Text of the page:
Estimates for property tax to be issued from next week
Householders will begin to receive property tax assessments next week and those who don’t respond by the end of June will face stiff penalties, the Cabinet has been told.
The chairwoman of the Revenue Commissioners, Josephine Feehily, briefed Ministers yesterday about the operation of the new tax which has caused anxiety among Government backbenchers about the likely public reaction.
Letters will be sent to the country’s 1.6 million householders in the coming weeks giving them six options for paying the local property tax.
Those liable for the tax will be obliged to indicate if they accept the Revenue’s valuation on the property or provide an alternative valuation which will be grouped into €50,000 bands.
People who don’t respond by the end of June will face immediate interest penalties and will ultimately have their tax deducted at source from their salary, pension or social welfare payments, Ms Feehily told Ministers.
She expressed confidence that the Revenue would be able to get a compliance rate of 97 per cent when the system was up and running.
Almost 75 per cent of householders paid the €100 household charge last year and the database assembled during that exercise will provide the basis for the Revenue collection.
Liable to penalties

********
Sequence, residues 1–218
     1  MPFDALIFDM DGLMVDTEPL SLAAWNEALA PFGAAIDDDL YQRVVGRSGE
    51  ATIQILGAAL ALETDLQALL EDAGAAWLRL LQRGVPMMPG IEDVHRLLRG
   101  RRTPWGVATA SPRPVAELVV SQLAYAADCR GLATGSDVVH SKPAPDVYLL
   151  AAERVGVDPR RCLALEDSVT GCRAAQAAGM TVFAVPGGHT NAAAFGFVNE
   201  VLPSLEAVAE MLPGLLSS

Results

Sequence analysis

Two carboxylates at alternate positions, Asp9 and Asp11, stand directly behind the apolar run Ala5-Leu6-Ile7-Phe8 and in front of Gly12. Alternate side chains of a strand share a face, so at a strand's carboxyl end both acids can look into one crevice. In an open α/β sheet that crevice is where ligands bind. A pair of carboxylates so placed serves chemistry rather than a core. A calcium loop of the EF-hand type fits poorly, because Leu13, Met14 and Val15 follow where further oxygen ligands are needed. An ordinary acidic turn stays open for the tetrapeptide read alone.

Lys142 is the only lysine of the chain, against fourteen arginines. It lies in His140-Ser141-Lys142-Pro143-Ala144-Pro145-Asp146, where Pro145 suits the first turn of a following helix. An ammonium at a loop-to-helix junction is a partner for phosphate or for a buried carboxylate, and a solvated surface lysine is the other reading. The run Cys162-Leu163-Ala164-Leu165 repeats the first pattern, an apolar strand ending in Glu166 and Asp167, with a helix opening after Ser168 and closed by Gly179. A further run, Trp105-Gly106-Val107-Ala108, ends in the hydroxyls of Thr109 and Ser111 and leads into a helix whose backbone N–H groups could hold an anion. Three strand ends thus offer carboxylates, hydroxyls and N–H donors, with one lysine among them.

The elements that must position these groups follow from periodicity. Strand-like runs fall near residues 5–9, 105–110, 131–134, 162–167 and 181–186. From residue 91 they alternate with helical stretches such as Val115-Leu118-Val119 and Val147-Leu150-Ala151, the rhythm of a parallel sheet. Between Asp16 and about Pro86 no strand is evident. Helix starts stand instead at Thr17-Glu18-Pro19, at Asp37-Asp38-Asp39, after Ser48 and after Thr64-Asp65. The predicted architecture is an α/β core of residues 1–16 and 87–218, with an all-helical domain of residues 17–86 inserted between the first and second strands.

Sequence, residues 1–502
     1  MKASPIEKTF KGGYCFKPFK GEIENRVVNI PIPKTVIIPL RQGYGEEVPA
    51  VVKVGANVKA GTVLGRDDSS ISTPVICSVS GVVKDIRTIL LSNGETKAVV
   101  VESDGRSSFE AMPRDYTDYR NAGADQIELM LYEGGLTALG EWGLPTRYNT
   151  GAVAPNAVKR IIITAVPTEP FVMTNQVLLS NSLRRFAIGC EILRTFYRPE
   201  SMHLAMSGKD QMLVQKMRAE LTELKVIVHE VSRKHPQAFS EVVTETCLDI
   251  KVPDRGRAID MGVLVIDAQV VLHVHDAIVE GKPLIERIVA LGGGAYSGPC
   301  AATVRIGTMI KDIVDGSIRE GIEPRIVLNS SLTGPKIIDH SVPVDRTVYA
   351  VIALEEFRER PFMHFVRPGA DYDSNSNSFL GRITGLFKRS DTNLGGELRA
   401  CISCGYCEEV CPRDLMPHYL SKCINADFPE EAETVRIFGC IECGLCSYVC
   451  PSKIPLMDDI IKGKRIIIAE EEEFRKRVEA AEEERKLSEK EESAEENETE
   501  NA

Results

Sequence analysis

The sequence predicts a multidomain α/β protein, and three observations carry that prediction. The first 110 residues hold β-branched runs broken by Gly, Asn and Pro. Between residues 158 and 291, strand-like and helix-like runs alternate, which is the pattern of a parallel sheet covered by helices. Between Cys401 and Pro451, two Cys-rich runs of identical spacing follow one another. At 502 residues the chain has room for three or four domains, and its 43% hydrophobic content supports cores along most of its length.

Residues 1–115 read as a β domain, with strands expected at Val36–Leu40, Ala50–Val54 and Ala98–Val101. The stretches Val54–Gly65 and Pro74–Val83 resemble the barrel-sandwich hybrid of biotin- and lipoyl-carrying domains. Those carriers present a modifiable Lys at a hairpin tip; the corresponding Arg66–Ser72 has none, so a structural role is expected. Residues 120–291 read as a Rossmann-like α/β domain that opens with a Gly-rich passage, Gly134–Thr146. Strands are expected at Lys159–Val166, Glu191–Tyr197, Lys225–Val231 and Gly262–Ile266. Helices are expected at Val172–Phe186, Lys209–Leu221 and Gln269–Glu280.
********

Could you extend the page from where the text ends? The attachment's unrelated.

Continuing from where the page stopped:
While householders who do not accept the assessment of their property tax liability in the letter from Revenue will be entitled to submit a lower assessment, they will ultimately be liable to penalties if it is found to be too low.
The Revenue Commissioners will publish an electoral area survey of property values so that people can compare their own assessment with the general level of property valuations in their area.
Ms Feehily told Ministers that the letter from Revenue would make it clear to householders that they must make a return by the end of June indicating how they intend to pay.
The assessment from the Revenue will give householders a number of options for paying the tax. They can opt to have it deducted at source from their salary, pension or welfare payment.
Alternatively they can pay it directly to the tax authorities in one lump sum or in instalments spread over the year.
Self-employed people who do not respond to the assessment will not be entitled to a tax clearance certificate next year.
Interest penalties of 8 per cent will apply to people who do not pay and the Revenue will be entitled to deduct the tax and the penalties at source from salaries, welfare payments or bank accounts.
Grounds for deferral
All those who receive letters are required to make a return to Revenue whether or not they are liable for the tax.
Properties exempt from the tax and householders who apply for a deferral will be also be required to contact the Revenue Commissioners indicating the grounds for deferral or exemption.
A major information campaign about the tax will begin tomorrow with a press conference by the Revenue Commissioners outlining the details of the system.
The introduction of the property tax has caused a great deal of political controversy with a number of Government backbenchers including Fine Gael TD for Dublin South Olivia Mitchell expressing opposition to the valuation system.
There was further controversy in the Dáil about the issue yesterday with the House being adjourned twice in a row about guillotining of debate on the Finance (Local Property Tax) (Amendment) Bill which allows for a number of deferrals, exemptions and penalties for non-compliance with the tax.